Pandemic policy making: The health and wellbeing effects of the cessation of volunteering because of restrictions during the COVID-19 pandemic on older adults

Grotz, Jurgen, Dyson, Sally and Birt, Linda (2020) Pandemic policy making: The health and wellbeing effects of the cessation of volunteering because of restrictions during the COVID-19 pandemic on older adults. Quality in Ageing and Older Adults, 21 (4). pp. 261-269. ISSN 1471-7794

[img]
Preview
PDF (Accepted_Manuscript) - Submitted Version
Download (307kB) | Preview

Abstract

On 29th June 2020 the President of the UK’s Academy of Medical Sciences, Professor Sir Robert Lechler stated that: “Pandemic policy making needs science”. This commentary reflects on this statement exploring two distinct questions relating to the health and wellbeing effects of the cessation of volunteering 1) older adults who volunteer and 2) older adults who receive volunteer support. COVID-19 is a disease that disproportionally affects mortality of older adults around the globe. The policy responses to the pandemic, in particular, halting social interaction without preparation to address the adverse effects of this, are likely to affect public and voluntary sector services and subsequently to disproportionally affect the health and wellbeing of older adults. Purpose: This policy-orientated commentary aims to provide a perspective on the effects of policy changes designed to reduce risk of infection as a result of COVID-19. The example of the abrupt cessation of volunteering activities is used to consider the policy and practice implication that need to be acknowledged in new public service research to deal with the on-going implications of the COVID-19 pandemic and for future preparedness. Design: The paper will provide a critical challenge to English pandemic health policy making, in particular the national instruction ‘to stop non-essential contact with others’ without a strategy on how to remedy the serious side effects of this instruction, in particular on older adults. Findings: The abrupt cessation of volunteering activities of and for older people because of the COVID-19 crisis is highly likely to have negative health and wellbeing effects on older adults with long-term and far-reaching policy implications. Originality: The paper combines existing knowledge volunteering of and for older adults with early pandemic practice evidence to situate an emerging health and wellbeing crisis for older adults. It emphasises the importance of immediate further detailed research to provide evidence for policy and practice following the lifting of COVID-19 related restrictions and in preparation for future crises.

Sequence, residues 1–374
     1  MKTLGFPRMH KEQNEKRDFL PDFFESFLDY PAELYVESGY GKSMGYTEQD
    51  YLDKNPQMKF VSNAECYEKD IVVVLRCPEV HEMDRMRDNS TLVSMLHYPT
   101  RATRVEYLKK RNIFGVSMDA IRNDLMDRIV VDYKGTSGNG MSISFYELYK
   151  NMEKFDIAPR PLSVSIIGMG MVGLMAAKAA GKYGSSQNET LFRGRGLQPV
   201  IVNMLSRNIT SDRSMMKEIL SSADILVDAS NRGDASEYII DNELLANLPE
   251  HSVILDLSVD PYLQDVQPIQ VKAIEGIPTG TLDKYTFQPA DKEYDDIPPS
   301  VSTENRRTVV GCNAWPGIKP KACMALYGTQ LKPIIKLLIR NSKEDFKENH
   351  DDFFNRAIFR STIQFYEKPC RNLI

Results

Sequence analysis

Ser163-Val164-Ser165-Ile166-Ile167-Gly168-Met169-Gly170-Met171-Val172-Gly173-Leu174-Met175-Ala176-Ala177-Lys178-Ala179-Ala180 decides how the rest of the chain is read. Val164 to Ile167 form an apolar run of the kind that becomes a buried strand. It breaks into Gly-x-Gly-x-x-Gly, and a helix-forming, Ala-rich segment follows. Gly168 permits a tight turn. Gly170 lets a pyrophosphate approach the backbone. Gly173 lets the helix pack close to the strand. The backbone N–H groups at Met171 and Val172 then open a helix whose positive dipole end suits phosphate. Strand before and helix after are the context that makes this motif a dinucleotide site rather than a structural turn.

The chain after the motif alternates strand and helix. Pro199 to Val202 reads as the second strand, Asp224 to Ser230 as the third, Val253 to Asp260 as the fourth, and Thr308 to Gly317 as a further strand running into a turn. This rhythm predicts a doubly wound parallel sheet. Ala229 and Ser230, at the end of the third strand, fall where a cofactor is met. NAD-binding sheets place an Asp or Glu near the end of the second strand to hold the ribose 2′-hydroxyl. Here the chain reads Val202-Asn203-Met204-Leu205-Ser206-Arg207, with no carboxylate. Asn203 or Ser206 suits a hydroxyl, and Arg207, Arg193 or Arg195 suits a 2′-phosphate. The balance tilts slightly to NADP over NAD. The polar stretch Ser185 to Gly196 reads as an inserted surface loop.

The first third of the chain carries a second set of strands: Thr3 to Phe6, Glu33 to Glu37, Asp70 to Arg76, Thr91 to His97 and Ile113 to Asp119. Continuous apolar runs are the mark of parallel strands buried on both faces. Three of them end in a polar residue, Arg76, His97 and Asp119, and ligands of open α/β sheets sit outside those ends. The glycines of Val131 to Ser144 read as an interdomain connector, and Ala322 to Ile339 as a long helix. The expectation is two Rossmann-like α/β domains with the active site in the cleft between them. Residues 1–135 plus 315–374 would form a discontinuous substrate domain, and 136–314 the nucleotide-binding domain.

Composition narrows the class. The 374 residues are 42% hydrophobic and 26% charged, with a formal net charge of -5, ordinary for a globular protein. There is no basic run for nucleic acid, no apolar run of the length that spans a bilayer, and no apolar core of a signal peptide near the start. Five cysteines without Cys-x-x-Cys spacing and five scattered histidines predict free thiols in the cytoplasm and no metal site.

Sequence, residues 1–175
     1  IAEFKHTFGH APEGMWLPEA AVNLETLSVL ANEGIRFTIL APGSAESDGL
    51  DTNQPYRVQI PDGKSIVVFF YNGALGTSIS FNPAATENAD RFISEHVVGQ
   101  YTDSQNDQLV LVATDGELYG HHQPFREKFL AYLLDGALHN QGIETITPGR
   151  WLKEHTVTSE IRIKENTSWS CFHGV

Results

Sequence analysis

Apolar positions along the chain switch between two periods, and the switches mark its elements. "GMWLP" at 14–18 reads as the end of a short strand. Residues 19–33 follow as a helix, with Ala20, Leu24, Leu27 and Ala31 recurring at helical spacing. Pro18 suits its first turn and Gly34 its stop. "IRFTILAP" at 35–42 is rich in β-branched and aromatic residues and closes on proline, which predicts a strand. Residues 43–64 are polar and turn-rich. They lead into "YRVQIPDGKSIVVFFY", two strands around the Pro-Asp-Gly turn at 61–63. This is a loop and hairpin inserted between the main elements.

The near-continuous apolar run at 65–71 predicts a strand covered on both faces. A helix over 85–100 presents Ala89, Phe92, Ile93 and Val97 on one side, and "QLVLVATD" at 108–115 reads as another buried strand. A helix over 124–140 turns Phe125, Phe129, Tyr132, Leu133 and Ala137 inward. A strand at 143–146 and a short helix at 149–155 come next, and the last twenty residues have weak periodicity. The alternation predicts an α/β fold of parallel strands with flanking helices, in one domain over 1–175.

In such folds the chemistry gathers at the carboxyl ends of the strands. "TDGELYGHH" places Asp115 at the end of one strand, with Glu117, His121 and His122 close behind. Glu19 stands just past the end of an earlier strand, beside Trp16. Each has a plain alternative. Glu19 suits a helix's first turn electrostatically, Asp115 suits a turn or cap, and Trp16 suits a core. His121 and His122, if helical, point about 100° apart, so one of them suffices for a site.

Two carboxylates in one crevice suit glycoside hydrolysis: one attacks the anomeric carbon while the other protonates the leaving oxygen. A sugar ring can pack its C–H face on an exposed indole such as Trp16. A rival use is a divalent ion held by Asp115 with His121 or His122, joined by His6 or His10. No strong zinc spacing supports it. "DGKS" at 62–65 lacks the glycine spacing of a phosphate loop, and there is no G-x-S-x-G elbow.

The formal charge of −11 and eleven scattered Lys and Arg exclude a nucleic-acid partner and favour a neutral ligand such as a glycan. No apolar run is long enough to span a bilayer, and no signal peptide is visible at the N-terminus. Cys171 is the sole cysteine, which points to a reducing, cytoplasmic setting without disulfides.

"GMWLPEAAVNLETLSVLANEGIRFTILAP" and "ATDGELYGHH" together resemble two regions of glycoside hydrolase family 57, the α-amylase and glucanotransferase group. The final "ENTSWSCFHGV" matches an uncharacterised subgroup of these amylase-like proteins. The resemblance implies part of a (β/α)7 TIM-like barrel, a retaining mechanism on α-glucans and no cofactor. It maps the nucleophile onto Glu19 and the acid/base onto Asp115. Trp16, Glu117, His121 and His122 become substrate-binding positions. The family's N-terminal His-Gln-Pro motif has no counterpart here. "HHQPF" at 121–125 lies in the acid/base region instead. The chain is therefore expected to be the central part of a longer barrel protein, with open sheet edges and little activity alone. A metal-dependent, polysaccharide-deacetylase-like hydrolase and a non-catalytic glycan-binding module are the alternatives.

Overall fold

Item Type: Article
Faculty \ School: Faculty of Medicine and Health Sciences > School of Health Sciences
Depositing User: LivePure Connector
Date Deposited: 05 Jan 2021 00:56
Last Modified: 06 Jan 2021 00:58
URI: https://ueaeprints.uea.ac.uk/id/eprint/78023
DOI: 10.1108/QAOA-07-2020-0032

Actions (login required)

View Item View Item